Apple starts to reject UDID accessing applications
Six months after announcing plans, Apple has started to reject a number of iPhone and iPad apps which access UDIDs, improving user privacy
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In a bid to bolster privacy concerns Apple has started to reject a number of iPhone and iPad applications which access devices’ Unique Device Identifier (UDID) numbers.
Having previously announced six months ago that it would start introducing the newly implemented privacy measures, the first applications to be turned down due to their UDID accessing abilities have started to surface.
Apple’s UDID codes came under fire last year after it emerged that a number of applications were able to access the reference marker which uniquely identifies individual handsets and allows ad networks, developers and analytics providers to track usage.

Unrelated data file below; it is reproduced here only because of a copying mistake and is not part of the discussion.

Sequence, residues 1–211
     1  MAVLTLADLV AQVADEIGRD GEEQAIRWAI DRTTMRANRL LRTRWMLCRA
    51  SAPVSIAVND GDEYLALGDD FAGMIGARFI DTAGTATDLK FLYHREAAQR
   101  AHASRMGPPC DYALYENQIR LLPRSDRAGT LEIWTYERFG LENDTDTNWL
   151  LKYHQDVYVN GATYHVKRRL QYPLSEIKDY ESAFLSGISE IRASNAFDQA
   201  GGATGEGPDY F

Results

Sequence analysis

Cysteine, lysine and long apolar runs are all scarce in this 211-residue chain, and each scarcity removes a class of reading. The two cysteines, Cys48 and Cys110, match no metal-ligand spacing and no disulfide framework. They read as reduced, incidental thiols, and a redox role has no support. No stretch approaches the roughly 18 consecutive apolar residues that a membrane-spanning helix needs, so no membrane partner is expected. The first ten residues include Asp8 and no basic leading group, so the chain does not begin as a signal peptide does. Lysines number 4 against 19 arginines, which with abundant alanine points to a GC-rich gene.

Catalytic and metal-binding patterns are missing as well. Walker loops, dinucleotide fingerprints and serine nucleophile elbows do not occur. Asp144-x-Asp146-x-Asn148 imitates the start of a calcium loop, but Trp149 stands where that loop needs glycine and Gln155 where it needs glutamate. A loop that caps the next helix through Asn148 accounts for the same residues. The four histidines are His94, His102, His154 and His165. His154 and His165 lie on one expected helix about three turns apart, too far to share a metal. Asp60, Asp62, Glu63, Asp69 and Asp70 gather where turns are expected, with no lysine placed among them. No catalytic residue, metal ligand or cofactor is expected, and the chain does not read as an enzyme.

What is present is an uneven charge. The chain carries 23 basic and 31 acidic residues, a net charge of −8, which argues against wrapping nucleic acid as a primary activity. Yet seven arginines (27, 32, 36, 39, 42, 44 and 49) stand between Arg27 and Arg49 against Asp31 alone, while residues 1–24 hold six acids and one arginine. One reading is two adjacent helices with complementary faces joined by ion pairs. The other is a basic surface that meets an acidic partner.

The new measures were called into force following the revelations last year that the Path iOS application used handset’s UDID numbers to access and uploaded users’ mobile address books without express permission to do so.
Although increasing consumer privacy, some have called into question the block on UDID accessing apps suggesting it so slow the rate of mobile and smartphone progression and hamper the targeting advertising industry,
"The UDID is essential for managing the conversion loop. All the performance dollars that are spent on mobile are going to impacted by this not being there," Jim Payne of MoPub mobile ads said.
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